From: A Devout Evangelical and Regular VDARE Reader [Email him]
This Easter weekend, I gave a lot of thought to Kevin Sullivan’s recent review of Jan Adrian Schlebusch’s new book on the war between Christianity and the left. In talking about the article with a politically active friend, I realized why I’m not entirely on the same page with many Christians among the Dissident Right.
Sullivan writes that the author shows that ”authentic Christianity is genuinely right-wing, a bulwark of tradition, and incompatible not only with Marxism and its variants but also even (he argues) with classical liberalism.”
That may be true for Roman Catholicism and Eastern Orthodoxy, but I don’t think that quite accurately describes the evangelicalism that emerged with the Protestant Reformation, rallies around the doctrine of Sola Scriptura, and seeks to conform only to the teachings found within the New Testament.
Is Christianity incompatible with that rival religion called Marxism? Yes, absolutely.
But must we say the same about classical liberalism? I believe there’s no conflict so long as revelation remains supreme: We can still use reason as a very valuable tool and even believe that revelation never contradicts reason while affirming that revelation can transcend reason, as when we struggle to comprehend doctrines like the Incarnation and the Trinity.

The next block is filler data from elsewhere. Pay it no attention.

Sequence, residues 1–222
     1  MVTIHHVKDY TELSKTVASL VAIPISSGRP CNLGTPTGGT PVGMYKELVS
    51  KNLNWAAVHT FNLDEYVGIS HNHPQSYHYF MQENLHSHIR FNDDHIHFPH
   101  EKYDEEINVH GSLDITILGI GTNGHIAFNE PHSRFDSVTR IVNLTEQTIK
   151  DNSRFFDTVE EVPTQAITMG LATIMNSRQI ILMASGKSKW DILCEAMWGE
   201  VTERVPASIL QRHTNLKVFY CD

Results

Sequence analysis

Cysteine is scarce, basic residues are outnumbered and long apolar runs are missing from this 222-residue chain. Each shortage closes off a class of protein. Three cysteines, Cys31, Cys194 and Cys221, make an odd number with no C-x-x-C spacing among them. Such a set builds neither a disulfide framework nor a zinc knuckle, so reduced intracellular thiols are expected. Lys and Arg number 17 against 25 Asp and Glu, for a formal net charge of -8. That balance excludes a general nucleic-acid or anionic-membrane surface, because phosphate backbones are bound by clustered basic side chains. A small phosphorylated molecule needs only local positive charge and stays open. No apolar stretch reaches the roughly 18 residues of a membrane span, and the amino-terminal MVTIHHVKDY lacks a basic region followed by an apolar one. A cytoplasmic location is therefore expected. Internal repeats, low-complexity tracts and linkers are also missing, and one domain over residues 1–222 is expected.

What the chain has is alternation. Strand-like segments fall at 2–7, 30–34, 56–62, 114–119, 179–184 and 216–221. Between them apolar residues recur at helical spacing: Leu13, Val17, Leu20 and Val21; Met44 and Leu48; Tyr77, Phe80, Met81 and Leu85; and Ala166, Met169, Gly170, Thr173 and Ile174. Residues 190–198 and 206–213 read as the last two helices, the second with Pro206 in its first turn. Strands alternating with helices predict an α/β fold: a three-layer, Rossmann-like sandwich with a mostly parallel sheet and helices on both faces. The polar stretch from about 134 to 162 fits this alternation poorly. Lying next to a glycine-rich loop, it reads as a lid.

We generally should follow tradition, what G. K. Chesterton famously called the ”democracy of the dead,” but beginning in Mark 7:6, Christ makes it very clear that merely human tradition is always secondary to God’s word and should be scrapped when the two are in conflict.
And I would even say that Jesus Christ confounds our political categories of right-wing and left-wing: as evangelical theologian John Stott points out, Jesus was a reactionary in how He affirmed the lasting authority of God’s word but a radical in how He brought out its broad and deep implications.
All that said, I do believe that nationalism is compatible with Christianity and may even be required by Christianity.
In that passage in Mark, it was ”Honor your parents” that Jesus confirmed as God’s commandment. I think the command implies that we should also honor our grandparents and get along with our brothers, and from there we can derive the moral obligation to take pride in our forefathers and to care for our kinfolk, so long as we ALSO show love to all our neighbors, as Jesus taught us with the story of the Good Samaritan.
I do appreciate the article, but I think different Christian denominations have different roads that reach the same conclusion about the need to fight for our nation and fight against the radicals who would destroy it.